An agency set up to oversee the voluminous files of communist East Germany's secret police, the Stasi has wrapped up its work after nearly three decades.
The files on Thursday became the responsibility of Germany's Federal Archives, headquartered in the western city of Koblenz, which also took over the agency's roughly 1,300 employees. The files themselves are staying put at the sprawling former headquarters of the Ministry for State Security, or Stasi for short, in Berlin and 13 other sites in eastern Germany.
The Stasi used a vast network of agents and informers to collect details on East German citizens to quash dissent. It compiled a huge catalogue of material ranging from the banal to the fictitious, and also placed thousands of agents to spy on top Western officials.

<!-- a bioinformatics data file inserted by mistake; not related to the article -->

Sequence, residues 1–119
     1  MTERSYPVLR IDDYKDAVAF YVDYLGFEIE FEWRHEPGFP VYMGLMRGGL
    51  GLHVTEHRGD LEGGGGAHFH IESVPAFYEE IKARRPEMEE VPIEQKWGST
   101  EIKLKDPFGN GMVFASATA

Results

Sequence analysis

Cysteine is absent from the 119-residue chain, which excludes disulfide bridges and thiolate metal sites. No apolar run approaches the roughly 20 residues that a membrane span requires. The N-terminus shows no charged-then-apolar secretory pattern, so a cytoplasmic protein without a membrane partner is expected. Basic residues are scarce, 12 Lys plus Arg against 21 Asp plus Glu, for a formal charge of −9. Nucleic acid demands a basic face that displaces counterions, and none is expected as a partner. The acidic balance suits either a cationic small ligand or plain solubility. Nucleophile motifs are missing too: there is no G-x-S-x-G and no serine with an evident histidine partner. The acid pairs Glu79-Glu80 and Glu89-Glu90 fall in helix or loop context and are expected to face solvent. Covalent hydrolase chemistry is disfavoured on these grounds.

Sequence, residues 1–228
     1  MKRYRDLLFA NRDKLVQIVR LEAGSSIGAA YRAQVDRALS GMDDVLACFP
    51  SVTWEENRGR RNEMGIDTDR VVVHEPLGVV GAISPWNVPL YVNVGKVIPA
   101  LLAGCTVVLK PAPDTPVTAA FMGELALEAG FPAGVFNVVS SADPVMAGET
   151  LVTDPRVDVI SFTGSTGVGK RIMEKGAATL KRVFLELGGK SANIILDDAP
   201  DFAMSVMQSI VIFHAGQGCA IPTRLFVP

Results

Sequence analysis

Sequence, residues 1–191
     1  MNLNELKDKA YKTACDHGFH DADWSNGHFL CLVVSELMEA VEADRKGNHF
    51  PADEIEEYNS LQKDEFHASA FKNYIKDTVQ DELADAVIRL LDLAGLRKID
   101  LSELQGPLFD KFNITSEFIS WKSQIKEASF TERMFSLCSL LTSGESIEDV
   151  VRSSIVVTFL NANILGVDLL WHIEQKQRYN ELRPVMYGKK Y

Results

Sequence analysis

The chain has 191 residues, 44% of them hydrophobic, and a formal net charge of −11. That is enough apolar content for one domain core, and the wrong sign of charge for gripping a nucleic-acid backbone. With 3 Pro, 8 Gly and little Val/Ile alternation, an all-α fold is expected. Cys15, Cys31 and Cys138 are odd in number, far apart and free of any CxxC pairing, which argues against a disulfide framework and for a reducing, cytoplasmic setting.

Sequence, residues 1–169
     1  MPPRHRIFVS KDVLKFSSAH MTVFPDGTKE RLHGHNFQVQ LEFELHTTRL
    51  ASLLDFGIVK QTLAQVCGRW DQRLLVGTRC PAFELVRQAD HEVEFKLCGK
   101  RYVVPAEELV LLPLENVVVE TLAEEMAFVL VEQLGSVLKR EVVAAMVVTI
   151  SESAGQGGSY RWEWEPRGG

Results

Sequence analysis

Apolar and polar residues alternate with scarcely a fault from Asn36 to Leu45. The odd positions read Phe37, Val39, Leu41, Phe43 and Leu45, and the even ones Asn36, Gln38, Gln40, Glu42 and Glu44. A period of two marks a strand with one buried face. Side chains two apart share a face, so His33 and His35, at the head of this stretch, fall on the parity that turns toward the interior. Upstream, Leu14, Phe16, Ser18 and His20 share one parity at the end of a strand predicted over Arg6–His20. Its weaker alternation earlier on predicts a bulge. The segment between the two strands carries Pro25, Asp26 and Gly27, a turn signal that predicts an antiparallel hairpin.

Germany's parliament decided in November to wind up the files agency and transfer oversight to the Federal Archives. One argument for the change was a need to combine resources, with many files still needing to be restored and digitized. A new post of ombudsperson for victims of the East German dictatorship was set up, and former opposition activist Evelyn Zupke was appointed to that job earlier this month.
Roland Jahn, the last of three former East German pro-democracy activists who led the files agency, said he was satisifed with the change, telling news agency dpa that “with the handover of the files, they will become part of the memory of the nation." Predecessor Marianne Birthler has criticized the move, expressing concern that agency's educational and research activities will come to an end.
Access to the files is unaffected by the change. So far, there have been some 7.3 million applications from people wanting to view files, from people on whom the Stasi compiled records but also from authorities, academics, journalists and others.